children playing

Province's daycare plan falls short, coalition says [CA-ON]

Printer-friendly versionSend by emailPDF version
Monsebraaten, Laurie
Publication Date: 
7 Apr 2005

See text below.


Ontario's Best Start child care plan is a pale version of what Dalton McGuinty's Liberals promised during the election campaign and will only make early learning programs more fragmented, say daycare advocates who are to lobby MPPs at Queen's Park today.

The plan falls woefully short of the $4.6-billion system the Ontario Coalition for Better Child Care believes children and parents in the province deserve.

"By creating new child care spaces to wrap around part-time junior and senior kindergarten programs, Best Start essentially perpetuates the fragmented approach to early learning and care," said the coalition's executive director Kira Heineck.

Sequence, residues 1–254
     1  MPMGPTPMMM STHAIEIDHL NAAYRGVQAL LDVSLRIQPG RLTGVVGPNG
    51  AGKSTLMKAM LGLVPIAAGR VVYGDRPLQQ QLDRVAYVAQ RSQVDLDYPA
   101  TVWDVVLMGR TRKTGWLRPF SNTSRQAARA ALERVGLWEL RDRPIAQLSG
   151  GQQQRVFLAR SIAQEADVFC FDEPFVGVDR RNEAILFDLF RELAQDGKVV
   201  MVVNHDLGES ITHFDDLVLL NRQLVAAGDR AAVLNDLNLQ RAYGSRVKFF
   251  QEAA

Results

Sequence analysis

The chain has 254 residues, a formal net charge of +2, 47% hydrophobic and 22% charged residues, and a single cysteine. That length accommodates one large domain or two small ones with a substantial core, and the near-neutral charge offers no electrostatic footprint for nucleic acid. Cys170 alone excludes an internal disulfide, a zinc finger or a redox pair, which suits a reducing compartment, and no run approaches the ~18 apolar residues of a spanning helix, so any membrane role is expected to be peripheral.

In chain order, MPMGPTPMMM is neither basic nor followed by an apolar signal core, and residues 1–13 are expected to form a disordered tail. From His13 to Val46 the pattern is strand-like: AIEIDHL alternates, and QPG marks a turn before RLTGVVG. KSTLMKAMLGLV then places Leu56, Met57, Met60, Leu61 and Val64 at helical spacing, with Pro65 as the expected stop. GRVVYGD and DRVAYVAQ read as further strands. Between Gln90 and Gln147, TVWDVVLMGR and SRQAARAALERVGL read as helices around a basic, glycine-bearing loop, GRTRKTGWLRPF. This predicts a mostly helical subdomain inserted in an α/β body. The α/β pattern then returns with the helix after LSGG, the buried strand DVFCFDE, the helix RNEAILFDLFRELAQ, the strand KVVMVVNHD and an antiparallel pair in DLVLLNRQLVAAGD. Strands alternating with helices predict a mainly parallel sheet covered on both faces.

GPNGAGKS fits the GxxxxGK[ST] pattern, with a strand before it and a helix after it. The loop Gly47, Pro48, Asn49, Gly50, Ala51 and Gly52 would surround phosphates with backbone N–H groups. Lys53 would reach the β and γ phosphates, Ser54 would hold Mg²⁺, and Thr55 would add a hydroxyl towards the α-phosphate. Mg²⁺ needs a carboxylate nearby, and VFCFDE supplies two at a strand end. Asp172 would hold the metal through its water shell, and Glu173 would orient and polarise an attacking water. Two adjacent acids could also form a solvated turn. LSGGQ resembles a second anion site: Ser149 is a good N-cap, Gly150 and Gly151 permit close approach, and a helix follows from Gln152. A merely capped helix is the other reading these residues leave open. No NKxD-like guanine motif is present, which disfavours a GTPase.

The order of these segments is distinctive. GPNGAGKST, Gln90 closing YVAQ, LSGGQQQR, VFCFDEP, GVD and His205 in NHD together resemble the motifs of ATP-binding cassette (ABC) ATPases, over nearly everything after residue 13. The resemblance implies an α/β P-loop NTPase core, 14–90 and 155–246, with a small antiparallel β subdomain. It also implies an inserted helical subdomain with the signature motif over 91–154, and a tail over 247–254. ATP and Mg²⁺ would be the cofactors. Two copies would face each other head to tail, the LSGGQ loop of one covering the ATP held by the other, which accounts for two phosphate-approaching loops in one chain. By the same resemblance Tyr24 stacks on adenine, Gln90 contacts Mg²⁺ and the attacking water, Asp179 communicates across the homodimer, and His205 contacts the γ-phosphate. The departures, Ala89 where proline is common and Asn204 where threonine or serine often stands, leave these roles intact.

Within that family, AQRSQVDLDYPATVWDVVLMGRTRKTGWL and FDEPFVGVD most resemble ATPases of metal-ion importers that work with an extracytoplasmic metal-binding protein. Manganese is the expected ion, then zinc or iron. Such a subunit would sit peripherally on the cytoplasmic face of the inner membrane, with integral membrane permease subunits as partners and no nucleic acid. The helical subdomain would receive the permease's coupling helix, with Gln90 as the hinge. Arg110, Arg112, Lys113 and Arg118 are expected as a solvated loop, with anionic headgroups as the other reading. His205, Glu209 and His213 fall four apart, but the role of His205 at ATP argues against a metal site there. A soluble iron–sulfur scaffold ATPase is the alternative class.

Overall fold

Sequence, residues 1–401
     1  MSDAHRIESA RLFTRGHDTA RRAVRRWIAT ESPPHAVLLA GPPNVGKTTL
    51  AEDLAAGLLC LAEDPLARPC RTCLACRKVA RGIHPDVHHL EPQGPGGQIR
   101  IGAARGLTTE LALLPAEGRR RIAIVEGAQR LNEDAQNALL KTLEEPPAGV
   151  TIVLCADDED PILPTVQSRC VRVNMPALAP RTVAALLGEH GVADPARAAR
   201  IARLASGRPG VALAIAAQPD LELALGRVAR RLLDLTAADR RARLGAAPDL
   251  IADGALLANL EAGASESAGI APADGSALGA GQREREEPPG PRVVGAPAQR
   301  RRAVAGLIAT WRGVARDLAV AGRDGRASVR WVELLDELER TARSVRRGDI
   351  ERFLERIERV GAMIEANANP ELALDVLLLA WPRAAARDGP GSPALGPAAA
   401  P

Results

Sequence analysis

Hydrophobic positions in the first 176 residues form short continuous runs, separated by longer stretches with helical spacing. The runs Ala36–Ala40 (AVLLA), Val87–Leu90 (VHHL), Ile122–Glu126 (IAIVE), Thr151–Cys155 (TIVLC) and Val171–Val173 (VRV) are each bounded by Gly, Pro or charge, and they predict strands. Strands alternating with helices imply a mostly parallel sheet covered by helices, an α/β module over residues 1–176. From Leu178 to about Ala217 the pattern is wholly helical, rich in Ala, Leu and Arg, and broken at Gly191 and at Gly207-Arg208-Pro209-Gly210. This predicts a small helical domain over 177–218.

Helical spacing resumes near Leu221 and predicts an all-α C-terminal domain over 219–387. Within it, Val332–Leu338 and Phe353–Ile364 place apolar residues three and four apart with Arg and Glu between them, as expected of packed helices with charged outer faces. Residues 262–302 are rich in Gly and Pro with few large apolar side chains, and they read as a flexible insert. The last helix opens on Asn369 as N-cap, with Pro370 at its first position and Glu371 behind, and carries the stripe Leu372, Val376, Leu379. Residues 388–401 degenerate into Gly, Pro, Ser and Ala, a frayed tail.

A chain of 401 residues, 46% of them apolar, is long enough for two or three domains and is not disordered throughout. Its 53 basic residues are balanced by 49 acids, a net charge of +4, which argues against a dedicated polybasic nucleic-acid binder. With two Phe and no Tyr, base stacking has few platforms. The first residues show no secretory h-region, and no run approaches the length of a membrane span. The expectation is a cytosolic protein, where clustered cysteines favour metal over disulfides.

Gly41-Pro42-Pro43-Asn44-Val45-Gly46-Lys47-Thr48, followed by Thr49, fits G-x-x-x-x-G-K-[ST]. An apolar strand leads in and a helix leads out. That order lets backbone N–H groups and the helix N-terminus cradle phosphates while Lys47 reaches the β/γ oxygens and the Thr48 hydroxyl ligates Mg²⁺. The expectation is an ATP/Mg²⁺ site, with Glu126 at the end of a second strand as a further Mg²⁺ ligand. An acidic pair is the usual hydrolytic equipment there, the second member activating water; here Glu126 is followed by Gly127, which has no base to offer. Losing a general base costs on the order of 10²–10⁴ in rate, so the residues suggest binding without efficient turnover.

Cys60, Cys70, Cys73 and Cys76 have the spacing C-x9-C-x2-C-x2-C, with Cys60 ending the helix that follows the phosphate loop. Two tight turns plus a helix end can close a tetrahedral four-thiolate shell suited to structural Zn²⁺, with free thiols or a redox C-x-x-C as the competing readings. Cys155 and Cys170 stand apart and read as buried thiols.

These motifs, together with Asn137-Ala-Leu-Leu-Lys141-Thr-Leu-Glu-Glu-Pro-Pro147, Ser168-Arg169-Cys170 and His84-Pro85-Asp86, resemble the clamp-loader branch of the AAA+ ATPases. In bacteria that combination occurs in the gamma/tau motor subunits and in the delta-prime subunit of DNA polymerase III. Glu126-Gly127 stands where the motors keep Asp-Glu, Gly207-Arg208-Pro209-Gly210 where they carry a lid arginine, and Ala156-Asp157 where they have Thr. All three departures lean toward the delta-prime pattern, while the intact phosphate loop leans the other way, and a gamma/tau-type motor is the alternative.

The province's long-term plan to provide a half-day preschool program with child care for the rest of the day for children between the ages of 2 1/2 and 4, would introduce more fragmentation, she said. Daycare for these children is currently provided in a single program, she said.

"This is the opposite of what the child care community has been trying to achieve in Ontario," she said.

Coalition members will meet privately with about 40 MPPs today in an attempt to persuade the Liberals to move closer to their 2003 election pledge to build a universal, high quality, seamless child care system.

They will repeat their call for Ontario to use $5 billion in new federal child care funds to build a Quebec-style child care system for all children under 12 with the education system picking up full-day kindergarten for 4- and 5-year-olds.

Instead of a system based on parent fees and subsidies, the coalition wants Ontario to fund programs directly and charge all parents a flat rate similar to Quebec's $7-a-day fee.

The coalition believes the province could build such a system within 10 years at a cost of about $4.6 billion annually.

- reprinted from the Toronto Star